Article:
Stefano Tijerina teaches in the areas of international business, comparative business, and ethics at the University of Maine’s Maine Business School. Prior to his academic career he worked in the areas of international banking and non-profit management. He received his B.A. in Comparative Politics from Clark University, a Graduate Certificate in International Relations from Universidad de los Andes, and his M.P.A. and Ph.D. in History from the University of Maine. His current research centers on the business dynamics of the Western Hemisphere from a historical perspective, including the dynamics of informal markets.
Kawal is a Prevention Specialist and currently leads the South Asian Drugs and Addictions Research Council, India. Her research has focussed on the history of opium in Assam 1800-1959. She’ll be continuing to share her work with us on South Asian histories of drugs and alcohol.
Christopher is an independent researcher working in academia and civil society organisations, and a Research Associate at the Global Drug Policy Observatory, Swansea University. He’ll be contributing posts on European histories of drugs and alcohol.
Juliet is currently pursuing a Masters in Public Health at the London School of Hygiene and Tropical Medicine (LSHTM). She has experience in working within inpatient treatment for substance use disorders in India, and subsequently as an overdose researcher in Boston. She will be contributing posts that investigate the spatial aspects of drug use, looking at both time and geography.
Steve is an assistant adjunct professor in the Department of Humanities and Social Sciences at the University of California-San Francisco (UCSF). His work has primarily focussed on the history of medicine; how people have understood, treated, experienced, and represented pain. He’ll be contributing posts that share more on this work and recent research projects on historic healthcare costs, and chronic pain.
Capucine is a researcher in Global Health at the National University of Singapore (NUS) and will be contributing posts on themes related to health equities within East Asian health systems with a particular focus on drug/pharmaceutical policy/legislation, harm reduction, and mental health.
Managing Editor Emeritus
Greg Bond was managing editor of Points throughout 2021. He is currently the Archivist for the Joyce Sports Research Collection, one of the most significant sports history manuscript and archival collections in the country. He formerly held positions as the American Institute of the History of Pharmacy (AIHP)’s Head Archivist and served as Associate Director for AIHP and Senior Editor of AIHP’s journal History of Pharmacy and Pharmaceuticals.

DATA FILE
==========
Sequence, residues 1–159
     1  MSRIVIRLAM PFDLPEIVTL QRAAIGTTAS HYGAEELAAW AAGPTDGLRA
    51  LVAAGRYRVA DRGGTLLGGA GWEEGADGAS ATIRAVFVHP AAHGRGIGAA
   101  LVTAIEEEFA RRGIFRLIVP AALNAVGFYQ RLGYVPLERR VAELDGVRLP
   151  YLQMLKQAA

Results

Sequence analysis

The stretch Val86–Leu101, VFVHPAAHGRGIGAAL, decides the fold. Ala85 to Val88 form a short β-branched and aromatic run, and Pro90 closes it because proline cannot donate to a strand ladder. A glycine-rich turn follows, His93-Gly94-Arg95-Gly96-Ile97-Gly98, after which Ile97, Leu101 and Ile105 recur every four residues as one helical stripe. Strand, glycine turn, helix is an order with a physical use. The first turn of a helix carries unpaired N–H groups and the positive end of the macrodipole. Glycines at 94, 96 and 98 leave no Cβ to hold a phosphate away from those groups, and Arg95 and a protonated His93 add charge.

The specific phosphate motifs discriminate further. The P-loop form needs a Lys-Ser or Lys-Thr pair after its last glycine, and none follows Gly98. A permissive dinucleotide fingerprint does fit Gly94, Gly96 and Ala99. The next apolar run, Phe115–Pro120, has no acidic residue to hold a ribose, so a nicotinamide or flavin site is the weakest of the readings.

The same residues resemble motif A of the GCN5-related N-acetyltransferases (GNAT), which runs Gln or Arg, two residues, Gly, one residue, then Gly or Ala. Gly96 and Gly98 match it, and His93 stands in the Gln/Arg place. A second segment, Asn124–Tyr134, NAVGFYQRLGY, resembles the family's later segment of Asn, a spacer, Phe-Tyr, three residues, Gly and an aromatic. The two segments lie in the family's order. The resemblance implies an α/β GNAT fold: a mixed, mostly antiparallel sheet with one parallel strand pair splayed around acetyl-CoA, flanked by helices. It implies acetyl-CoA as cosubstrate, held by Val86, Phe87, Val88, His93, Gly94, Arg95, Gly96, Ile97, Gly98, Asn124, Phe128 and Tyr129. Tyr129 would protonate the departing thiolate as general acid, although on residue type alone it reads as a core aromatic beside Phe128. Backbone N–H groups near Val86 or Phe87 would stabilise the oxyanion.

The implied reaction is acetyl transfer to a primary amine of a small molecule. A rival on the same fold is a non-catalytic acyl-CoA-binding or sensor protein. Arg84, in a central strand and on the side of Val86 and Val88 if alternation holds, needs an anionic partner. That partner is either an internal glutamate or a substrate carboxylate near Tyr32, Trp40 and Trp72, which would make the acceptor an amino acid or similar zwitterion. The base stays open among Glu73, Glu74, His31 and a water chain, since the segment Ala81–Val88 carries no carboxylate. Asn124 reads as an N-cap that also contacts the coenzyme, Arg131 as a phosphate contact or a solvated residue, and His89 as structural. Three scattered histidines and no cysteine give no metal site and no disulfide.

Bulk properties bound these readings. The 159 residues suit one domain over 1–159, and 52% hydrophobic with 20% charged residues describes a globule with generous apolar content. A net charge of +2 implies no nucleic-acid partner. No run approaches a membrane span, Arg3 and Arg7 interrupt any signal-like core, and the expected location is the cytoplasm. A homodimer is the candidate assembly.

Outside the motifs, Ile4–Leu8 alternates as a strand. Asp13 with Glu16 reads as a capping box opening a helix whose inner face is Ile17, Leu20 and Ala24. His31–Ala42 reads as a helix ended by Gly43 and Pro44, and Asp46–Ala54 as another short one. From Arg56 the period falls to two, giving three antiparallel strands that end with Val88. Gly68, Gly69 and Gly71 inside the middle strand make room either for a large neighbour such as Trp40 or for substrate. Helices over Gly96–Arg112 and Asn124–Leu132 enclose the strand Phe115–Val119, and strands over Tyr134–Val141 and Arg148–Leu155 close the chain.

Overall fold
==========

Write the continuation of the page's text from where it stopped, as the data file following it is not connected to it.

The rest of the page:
Emily Dufton holds a PhD in American Studies from George Washington University. She is the author of Grass Roots: The Rise and Fall and Rise of Marijuana in America. She was the managing editor of Points from 2014–2016 and from 2018–2020. She also served as the media officer for the Alcohol and Drugs History Society. She is currently working on her next book, a history of how the federal government has handled, and funded, the development of medication-assisted treatment (MAT) for opioid use disorder. Email Emily at firstname.lastname@example.org and follow her on Twitter @emily_dufton
Founders of Points
A 20th-century literary and cultural historian, Trysh Travis teaches in the Center for Women’s Studies & Gender Research at the University of Florida. She has published on the gender and power of addiction and recovery, spirituality, and bibliotherapy in a variety of scholarly and popular venues. Her book The Language of the Heart: a Cultural History of the Recovery Movement from Alcoholics Anonymous to Oprah Winfrey appeared in 2009. The anthology Rethinking Therapeutic Culture, which she co-edited with Timothy Aubry, has just been published by University of Chicago Press.
Joe Spillane is Professor of History at the University of Florida. He has authored Cocaine: From Medical Marvel to Modern Menace in the United States (Johns Hopkins Press, 2000) and co-edited Federal Drug Control: The Evolution of Policy and Practice (Haworth Press, 2004). More recently, he authored Coxsackie: The Life and Death of Prison Reform (Johns Hopkins Press, 2014). His current drug-related research agenda includes: the history and development of drug abuse liability assessment; reflections on the nature of drug epidemics; and examinations of drug war “harms” in historical context.